I really enjoyed this book although it got slow in a few places. The author did a pretty good job of bringing these historical figures to life, and describing the conditions on the transit of Venus expeditions, and the politics involved. The details about the observations themselves were interesting too--I could have used a little more scientific explanation, but then again there is a whole technical appendix I'm not going to read. Fascinating stuff in the appendix about how the calculations wer ...more
A
Apr 09, 2013 A rated it it was amazing
I thoroughly enjoyed every bit of this book. It was fascinating to see the way the world came together to solve the mystery of the astronomical unit. I was
interested in this book before the last Venus transit. After witnessing this amazing phenomenon myself, I was even more interested in the history of its discovery. This book chronicled the multiple ventures that attempted to solve the actual length of an astronomical unit as predicted by the great astronomer Halley. There's even an optional c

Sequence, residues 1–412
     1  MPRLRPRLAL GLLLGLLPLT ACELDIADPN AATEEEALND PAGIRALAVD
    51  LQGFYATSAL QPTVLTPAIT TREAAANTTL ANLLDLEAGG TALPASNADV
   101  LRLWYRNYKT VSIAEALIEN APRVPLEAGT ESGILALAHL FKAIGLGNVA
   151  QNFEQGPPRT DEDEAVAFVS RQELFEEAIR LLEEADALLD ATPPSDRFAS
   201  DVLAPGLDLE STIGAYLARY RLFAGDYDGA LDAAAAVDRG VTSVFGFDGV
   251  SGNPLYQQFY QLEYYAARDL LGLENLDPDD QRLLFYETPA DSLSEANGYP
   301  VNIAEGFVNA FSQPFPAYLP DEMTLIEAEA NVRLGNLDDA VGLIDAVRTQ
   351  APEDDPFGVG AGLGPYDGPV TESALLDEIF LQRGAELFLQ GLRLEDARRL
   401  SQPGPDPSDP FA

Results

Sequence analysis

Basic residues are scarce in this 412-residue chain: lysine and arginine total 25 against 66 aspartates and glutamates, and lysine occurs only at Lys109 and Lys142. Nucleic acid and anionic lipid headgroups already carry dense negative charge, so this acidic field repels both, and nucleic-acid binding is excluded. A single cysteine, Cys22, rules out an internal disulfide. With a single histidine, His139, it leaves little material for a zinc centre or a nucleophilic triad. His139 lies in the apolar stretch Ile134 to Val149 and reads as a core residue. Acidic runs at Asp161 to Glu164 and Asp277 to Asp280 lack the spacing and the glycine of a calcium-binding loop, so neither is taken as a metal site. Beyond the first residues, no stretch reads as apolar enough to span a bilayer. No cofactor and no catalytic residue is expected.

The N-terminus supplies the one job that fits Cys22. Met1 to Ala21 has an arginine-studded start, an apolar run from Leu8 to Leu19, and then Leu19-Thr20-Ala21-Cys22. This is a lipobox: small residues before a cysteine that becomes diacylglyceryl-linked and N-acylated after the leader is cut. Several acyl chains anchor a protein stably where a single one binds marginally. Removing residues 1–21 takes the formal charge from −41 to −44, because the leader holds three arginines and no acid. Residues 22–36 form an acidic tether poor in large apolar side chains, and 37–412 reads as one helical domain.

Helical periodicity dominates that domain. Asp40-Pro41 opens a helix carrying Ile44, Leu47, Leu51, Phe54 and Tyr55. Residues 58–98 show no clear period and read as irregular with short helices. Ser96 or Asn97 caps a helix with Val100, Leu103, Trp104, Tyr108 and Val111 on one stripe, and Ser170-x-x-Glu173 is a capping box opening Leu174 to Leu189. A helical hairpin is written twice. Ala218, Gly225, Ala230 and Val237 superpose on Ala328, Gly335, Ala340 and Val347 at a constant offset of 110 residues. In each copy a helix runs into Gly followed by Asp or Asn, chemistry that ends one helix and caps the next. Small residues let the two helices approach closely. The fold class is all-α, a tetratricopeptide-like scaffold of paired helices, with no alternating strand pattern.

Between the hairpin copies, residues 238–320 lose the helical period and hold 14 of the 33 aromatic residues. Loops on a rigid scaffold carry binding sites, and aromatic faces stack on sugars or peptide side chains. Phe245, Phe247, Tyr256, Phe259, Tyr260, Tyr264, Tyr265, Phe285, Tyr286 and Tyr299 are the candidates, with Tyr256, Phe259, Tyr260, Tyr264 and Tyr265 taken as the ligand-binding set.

...more
Michael Harris
Aug 06, 2012 Michael Harris rated it really liked it
A gift from my daughter, thanks Deb! A wonderful book about the amazing work of astronomers, mathematicians, scientists and Lt. James Cook in tracking and measuring the Venus Transit across the Sun to determine the dimensions of the Universe. Along the way they worked on and worked out the problem of calculating Longitude at Sea. Given that this was the late 1700's makes it even more amazing. Anderson made the book factual and engaging as he switched between the various teems tracking the Transi ...more